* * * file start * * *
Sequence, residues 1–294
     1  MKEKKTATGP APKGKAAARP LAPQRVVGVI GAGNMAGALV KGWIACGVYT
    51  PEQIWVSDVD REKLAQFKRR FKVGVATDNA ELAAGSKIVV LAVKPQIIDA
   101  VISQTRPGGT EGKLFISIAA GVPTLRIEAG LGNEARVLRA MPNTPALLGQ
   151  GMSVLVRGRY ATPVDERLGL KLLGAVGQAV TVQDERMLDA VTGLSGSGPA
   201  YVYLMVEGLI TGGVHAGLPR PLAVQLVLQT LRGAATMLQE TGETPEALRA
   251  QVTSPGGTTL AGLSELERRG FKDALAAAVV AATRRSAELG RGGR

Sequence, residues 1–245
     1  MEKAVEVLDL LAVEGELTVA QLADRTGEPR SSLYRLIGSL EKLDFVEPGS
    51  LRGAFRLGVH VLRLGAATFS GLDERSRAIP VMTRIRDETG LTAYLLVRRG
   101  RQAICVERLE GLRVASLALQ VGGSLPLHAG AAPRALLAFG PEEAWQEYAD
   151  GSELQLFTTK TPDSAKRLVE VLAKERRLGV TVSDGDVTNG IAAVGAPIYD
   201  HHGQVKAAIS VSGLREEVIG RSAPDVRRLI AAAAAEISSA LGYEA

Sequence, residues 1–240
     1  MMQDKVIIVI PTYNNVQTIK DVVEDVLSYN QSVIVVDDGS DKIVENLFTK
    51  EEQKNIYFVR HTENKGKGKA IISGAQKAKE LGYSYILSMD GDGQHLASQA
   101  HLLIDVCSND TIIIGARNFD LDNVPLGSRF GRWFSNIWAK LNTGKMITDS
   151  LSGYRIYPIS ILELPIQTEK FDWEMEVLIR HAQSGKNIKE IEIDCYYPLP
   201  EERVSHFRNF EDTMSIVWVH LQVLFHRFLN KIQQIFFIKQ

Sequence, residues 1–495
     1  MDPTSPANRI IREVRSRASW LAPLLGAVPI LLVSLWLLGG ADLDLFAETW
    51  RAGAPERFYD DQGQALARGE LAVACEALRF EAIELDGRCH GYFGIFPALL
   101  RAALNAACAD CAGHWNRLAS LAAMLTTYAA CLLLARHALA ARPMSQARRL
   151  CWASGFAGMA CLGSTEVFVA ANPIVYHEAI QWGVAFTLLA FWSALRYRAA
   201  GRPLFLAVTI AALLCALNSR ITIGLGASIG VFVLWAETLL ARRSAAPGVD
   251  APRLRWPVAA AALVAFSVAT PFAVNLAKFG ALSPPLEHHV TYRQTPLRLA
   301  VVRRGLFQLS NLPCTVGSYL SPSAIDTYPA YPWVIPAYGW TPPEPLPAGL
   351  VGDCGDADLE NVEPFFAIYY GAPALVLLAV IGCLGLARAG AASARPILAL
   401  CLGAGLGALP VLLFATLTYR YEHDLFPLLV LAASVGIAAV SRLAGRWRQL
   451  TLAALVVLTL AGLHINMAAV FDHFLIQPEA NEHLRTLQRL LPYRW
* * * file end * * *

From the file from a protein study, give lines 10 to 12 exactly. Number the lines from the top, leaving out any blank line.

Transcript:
    51  LRGAFRLGVH VLRLGAATFS GLDERSRAIP VMTRIRDETG LTAYLLVRRG
   101  RQAICVERLE GLRVASLALQ VGGSLPLHAG AAPRALLAFG PEEAWQEYAD
   151  GSELQLFTTK TPDSAKRLVE VLAKERRLGV TVSDGDVTNG IAAVGAPIYD